22. “Special scouting events” still kind of leave a few things in the air. Like cort of honors and board of reviews. Even though I think a youth should wear a MB sash for a BOR. But thiese events are big in a troop ussualy.and are special to a troop and the members.

    Though being at one troop I was told that the didn’t wear oa saves at COH but another troop who is a big pertispant in the chapter did. What are special events according to this section of the OA book.

  23. Reblogged this on BSA Troop 45.

  24. When he is delivering the announcements, he is performing his job as a TOAR , a Troop position. It is not an OA event. Hence the shoulder patch for the troop position.

  25. Howdy,
    I didn’t get a chance to really read all the comments. I am a District Vice Chair; and Chapter Adviser to the local OA Chapter. I’ve been tasked with working on improving our participation and chapter / lodge events. I’ve many issues I face with the OA here. Most non-arrowmen know the Ordeal in detail. So the perception from the youth is: They make you work, and then they do 2 other things. I really don’t want to explain what those are because arrowmen will know what I’m talking about. The perception of the youth == no fun. The perception of the Leaders is that you are taking by older boys away; and what do they do anyways.

    Let me take it back several years… I went to summer camp as a youth. I admired all of my counselors; and those who worked there. I viewed them as beinging important. I wanted to be important like them. Thursday (tap out was that night) at camp rolled around and every single one of them was wearing this white sash and arrow. I couldn’t talk any of them into explaining what it meant, but it was easy to draw the conclusion; if you want to be important you need that white sash; whatever it meant.

    So back to my current problem; the problem is perception. Since we tend to do things as arrowmen outside of the view of other scouters; I ask my arrowmen to wear the sash more often. When we run community service events; sashes; district functions; sashes. This awareness has contributed into a better relationship with troops; and a better understanding that the ordeal is not everything we do. I now have some Scout Masters calling me for elections.

    Brothers, I too have kept the vigil.

  26. Very Interesting. Nice Clarification

    • VJ Pietrorazio // February 3, 2014 at 9:11 pm // Reply

      Remember brothers, “Seeing the Arrow” is not in reference to the sight of the white sash.

      The Brother who serves not only his troop, but lives his life as a cheerful servant, IS the living Arrow.

      Leave the sash.
      Instead, show the Arrow as crystalized in your character.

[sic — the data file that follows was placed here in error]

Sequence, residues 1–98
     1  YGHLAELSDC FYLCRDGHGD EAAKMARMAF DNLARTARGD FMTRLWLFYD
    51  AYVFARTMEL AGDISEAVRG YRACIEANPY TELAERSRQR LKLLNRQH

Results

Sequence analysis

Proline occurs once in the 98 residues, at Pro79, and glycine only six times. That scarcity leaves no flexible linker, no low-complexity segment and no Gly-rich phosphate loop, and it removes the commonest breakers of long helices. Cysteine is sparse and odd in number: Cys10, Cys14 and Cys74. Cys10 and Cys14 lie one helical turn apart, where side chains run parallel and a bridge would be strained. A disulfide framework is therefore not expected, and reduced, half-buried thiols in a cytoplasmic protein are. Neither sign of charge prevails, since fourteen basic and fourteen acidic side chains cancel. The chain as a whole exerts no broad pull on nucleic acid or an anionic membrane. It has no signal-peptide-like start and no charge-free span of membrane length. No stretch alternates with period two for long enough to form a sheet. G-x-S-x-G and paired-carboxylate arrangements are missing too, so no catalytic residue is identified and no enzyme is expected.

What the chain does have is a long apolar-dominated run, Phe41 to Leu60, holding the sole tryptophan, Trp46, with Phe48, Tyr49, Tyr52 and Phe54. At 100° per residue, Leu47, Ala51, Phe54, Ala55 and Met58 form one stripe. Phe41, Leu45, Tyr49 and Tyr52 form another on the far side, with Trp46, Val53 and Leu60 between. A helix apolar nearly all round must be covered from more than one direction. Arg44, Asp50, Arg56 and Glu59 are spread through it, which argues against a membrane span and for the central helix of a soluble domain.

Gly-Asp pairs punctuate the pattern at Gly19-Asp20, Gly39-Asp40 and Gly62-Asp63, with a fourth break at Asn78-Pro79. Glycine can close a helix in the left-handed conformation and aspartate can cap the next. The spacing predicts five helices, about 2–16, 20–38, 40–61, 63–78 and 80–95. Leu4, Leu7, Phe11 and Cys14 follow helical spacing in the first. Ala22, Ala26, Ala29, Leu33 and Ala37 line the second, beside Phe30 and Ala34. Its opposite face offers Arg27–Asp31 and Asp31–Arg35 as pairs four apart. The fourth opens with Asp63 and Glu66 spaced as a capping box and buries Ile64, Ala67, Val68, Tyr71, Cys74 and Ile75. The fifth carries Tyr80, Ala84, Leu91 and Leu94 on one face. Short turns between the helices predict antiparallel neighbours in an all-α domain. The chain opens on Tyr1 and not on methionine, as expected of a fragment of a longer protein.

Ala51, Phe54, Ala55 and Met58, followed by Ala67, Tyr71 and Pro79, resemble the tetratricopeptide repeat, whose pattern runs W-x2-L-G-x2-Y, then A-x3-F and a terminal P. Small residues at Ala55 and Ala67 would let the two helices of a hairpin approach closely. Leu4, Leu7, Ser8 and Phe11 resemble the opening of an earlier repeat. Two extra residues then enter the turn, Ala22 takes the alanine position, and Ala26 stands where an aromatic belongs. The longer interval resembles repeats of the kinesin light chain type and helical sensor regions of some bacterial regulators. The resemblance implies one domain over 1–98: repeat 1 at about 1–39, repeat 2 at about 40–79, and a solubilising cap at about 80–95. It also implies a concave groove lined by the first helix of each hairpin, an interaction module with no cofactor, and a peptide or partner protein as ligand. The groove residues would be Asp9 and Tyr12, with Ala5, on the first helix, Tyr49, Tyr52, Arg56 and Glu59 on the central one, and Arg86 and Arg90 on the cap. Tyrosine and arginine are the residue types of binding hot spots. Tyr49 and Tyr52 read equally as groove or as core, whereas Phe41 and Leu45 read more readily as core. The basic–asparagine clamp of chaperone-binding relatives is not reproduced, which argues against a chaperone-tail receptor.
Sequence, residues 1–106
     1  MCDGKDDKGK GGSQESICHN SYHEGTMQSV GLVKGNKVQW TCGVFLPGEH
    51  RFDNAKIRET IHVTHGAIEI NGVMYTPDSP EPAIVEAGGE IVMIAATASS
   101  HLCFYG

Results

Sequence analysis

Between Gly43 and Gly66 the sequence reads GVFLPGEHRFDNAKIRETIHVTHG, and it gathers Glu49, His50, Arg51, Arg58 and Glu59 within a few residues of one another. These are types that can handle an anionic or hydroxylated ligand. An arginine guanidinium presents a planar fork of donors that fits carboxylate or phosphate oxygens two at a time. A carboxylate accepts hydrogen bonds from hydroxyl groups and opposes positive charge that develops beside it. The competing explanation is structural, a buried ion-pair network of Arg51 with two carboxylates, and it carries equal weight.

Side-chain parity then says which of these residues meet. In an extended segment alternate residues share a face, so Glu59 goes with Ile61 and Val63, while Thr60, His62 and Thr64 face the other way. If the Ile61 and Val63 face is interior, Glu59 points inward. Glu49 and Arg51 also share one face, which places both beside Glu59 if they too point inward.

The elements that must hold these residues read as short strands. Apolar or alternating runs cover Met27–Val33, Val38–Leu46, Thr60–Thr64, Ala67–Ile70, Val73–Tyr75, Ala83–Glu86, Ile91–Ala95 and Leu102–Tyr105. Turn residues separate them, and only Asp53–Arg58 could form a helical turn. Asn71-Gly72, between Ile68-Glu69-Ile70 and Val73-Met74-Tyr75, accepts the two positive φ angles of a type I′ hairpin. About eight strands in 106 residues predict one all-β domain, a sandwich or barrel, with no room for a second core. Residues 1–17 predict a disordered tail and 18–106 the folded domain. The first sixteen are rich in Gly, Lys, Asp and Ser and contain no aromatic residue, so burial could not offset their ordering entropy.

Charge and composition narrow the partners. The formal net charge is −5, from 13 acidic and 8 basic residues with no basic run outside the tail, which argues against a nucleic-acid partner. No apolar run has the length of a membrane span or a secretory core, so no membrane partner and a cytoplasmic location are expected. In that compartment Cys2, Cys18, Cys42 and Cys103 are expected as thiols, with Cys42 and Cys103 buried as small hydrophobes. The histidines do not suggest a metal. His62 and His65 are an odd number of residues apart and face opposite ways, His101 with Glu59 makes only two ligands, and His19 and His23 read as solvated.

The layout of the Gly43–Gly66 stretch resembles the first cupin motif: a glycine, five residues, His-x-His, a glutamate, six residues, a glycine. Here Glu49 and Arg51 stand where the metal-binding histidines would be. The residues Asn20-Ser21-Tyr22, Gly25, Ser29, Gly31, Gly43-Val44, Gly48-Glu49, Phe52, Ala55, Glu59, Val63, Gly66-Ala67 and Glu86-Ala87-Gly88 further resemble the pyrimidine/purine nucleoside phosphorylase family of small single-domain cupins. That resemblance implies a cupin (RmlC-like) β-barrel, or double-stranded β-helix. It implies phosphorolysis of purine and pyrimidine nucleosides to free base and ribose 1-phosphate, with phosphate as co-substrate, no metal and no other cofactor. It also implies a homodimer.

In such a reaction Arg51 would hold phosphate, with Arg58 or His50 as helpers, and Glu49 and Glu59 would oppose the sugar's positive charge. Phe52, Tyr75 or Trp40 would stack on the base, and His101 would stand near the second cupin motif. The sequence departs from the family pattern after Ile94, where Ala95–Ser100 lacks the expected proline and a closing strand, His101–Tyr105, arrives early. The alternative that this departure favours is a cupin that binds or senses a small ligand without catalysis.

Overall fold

VJ Pietrorazio (Amamgi)
      Section NE-1E
      Past Chief & HMP

  27. I served as an OA Troop Representative for 18 months before I turned 18 (I’m 20 now). I’ve trained numerous other OA Troop Representatives, and I got the program rolling in my lodge.

    Here’s my take: You wear the OA Troop Representative patch and lodge flap at Troop functions. You can use the sash as a PROP, but don’t wear it. Carry it in hand, but don’t WEAR it. The Scouts know what it is, but if it is not an OA event, don’t wear it.

    The only times I wore my OA sash at a non-OA event are 1) troop OA election night; and 2) when I was OATR and I was recognizing Lodge accomplishments at our annual dinner for that past term (Ordeal, Brotherhood, high adventure, etc.). Again, other than that, I had the OA Troop Representative patch and lodge flap.

  28. Why don’t they just make an OA Arrowman Patch or Pin that can be added to the BSA Pin. I know not every Arrowman is a OA Troop Representative. It would eliminate the wearing of both sashes or the confusion of scouts wondering when to wear one or the other. I understand they will have a lodge flap on right pocket and some will have a rep patch. But having a special patch or pin to put on the top of the sash seems like a good idea.

    IMHO.

    Brian

  29. Mike Metzger // July 29, 2014 at 11:06 am // Reply

    It’s good to see that everyone cares and as much as I am a stickler for the rules and proper attire, the fact remains that if a scout wants to display his accomplshments, he earned it, so be it. I will remind them of proper protocol, but if he wants to wear his OA sash at a meeting, I am thankful that he is at the meeting. If he wears the sash over his belt at his Eagle CofH, I congratulate him on earning his rank of Eagle. As a leader and OA member, I will always follow proper uniforming as an example, but I am happy to have active youth even if they don’t follow uniforming to the letter. We are scouts, not he military.

  30. Pam MacCrae // August 18, 2014 at 4:27 pm // Reply

    See pg 31 of SCOUTING magazine Septemer-October 2014 . Why do they have OA sash on if not OA event?

  31. This discussion is a perfect example of “policies gone wild”…uniform nazis abound throughout the BSA, indeed, any organizations with uniforms. While proper uniforming is obviously important, the way corrections are presented & voiced can often show a blatant disregard for the often sensitive feelings of some youth members. A harsh reprimand from a unit, district or council volunteer can do years of harm to some youth. Let’s remember who the principal customer is…our youth members.

    As a new member back in the 60′s, I was so anxious to wear a uniform to my first troop meeting. My mother asked me where to sew each emblem on…I told her it didn’t matter (lol!). I showed up that night looking quite askew, but proud of my new found allegiance. Early in the meeting, a kind leader pulled me aside and kindly explained the error of my ways. He appreciated my enthusiasm, and permitted me to wear the shirt, explaining to the troop that I was so anxious to join them, I directed my mother to just sew them on. He did it in such a way that I felt important (a part if that nights lesson), and following that, was welcomed into the troop by many of my new fellow scouts. An unthinking leader could have made me feel bad & opened me up to ridicule. How we speak makes a difference. I will NEVER forget this.